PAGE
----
Netherlands-based firm Polyganics has received funding from the European Fund for Regional Development (ERDF) by the European Union (EU) for further development of its dura sealant patch.

Made using the firm’s bioresorbable polymers, the sealant patch is being developed as a suitable dressing to reseal the outer membrane (dura) surrounding the brain.

The patch is intended to decrease leakage of cerebrospinal fluid (CSF) following brain surgery and is designed to stimulate tissue regeneration.

After the membrane has healed, the device undergoes natural and safe degradation within the body.

The firm intends to use the €1.2m grant to support clinical validation of the patch and plans to launch clinical trials early next year to evaluate safety and performance in humans.

“The firm intends to use the €1.2m grant to support clinical validation of the patch and plans to launch clinical trials early next year to evaluate safety and performance in humans.”

In partnership with the Brain Technology Institute (BTI) and Syncom, Polyganics has successfully completed studies of the sealant patch in animals.

How well do you really know your competitors?

Access the most comprehensive Company Profiles on the market, powered by GlobalData. Save hours of research. Gain competitive edge.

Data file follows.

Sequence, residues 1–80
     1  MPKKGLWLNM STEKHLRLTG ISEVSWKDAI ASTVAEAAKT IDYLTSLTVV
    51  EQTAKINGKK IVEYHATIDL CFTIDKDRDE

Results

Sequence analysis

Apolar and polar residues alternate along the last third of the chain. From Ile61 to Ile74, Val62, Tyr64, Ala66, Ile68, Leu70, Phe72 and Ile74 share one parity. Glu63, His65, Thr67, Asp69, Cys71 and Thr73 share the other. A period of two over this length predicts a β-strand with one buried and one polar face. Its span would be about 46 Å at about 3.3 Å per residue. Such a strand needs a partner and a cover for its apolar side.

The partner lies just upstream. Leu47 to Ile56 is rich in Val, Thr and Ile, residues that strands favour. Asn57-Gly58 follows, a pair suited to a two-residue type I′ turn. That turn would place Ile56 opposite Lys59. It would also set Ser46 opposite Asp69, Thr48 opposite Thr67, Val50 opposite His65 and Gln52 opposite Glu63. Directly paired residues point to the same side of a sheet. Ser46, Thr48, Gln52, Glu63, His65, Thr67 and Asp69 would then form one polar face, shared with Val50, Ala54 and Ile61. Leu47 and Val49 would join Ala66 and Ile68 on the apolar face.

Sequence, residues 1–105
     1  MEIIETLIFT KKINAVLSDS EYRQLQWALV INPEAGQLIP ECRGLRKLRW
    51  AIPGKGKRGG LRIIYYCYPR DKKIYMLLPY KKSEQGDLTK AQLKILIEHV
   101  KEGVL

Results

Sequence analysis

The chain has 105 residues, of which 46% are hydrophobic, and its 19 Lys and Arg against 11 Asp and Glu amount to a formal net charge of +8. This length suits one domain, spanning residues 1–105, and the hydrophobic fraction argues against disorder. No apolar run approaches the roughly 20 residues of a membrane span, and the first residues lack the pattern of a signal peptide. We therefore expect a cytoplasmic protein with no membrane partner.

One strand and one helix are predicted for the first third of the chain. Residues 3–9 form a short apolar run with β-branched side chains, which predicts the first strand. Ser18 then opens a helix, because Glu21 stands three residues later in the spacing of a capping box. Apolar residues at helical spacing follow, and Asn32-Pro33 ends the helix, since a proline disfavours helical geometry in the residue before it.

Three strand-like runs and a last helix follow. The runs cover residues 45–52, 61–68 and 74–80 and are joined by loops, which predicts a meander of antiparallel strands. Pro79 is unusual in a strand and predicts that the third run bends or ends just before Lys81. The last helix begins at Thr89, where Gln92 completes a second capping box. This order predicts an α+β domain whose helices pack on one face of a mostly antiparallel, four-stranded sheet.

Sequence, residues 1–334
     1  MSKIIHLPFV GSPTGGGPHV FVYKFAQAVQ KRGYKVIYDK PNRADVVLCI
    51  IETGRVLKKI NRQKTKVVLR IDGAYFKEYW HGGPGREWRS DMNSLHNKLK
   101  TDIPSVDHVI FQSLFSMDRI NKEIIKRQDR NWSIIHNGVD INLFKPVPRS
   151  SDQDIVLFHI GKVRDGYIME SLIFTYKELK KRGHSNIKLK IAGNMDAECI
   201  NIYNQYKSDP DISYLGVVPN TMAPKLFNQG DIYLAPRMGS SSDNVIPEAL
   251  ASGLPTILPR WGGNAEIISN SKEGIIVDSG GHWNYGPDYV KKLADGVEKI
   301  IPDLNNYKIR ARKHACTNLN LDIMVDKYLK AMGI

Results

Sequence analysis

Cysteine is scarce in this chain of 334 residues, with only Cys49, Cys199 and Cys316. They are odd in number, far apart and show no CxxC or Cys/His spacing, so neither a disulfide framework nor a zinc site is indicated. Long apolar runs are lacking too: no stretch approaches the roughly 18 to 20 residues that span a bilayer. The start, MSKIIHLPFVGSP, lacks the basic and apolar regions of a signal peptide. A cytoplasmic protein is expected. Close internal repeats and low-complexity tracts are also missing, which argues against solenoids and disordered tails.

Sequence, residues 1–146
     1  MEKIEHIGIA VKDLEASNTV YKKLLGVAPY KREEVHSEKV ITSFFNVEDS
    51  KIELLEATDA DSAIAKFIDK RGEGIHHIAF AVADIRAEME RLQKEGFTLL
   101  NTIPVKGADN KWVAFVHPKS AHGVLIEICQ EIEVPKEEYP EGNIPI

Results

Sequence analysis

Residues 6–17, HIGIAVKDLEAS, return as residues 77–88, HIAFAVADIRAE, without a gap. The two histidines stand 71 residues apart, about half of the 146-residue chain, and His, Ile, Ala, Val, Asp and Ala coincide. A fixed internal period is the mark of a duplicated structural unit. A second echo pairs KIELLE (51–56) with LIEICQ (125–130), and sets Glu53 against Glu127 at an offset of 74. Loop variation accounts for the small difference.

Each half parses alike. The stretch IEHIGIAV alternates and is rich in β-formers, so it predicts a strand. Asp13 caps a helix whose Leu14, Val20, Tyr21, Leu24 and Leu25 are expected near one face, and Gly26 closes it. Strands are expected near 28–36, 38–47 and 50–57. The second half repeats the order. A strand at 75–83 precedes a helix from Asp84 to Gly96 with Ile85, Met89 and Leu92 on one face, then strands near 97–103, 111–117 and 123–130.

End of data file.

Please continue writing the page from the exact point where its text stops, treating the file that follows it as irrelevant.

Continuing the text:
Company Profile – free sample

Thank you!

Your download email will arrive shortly

Not ready to buy yet? Download a free sample

We are confident about the unique quality of our Company Profiles. However, we want you to make the most beneficial decision for your business, so we offer a free sample that you can download by submitting the below form

By GlobalData

Polyganics CEO Rudy Mareel said: “We are hugely appreciative to the EU, as well as the city and province of Groningen for their support in progressing the device into the next phase of its development.

“The grant is a great recognition of the potential of this application of our synthetic polymers, and we are pleased to have benefited from the skills and expertise of both the BTI and Syncom in its development.

“The work has important implications for improved recovery following brain surgery, including helping to prevent potentially fatal complications such as meningitis.”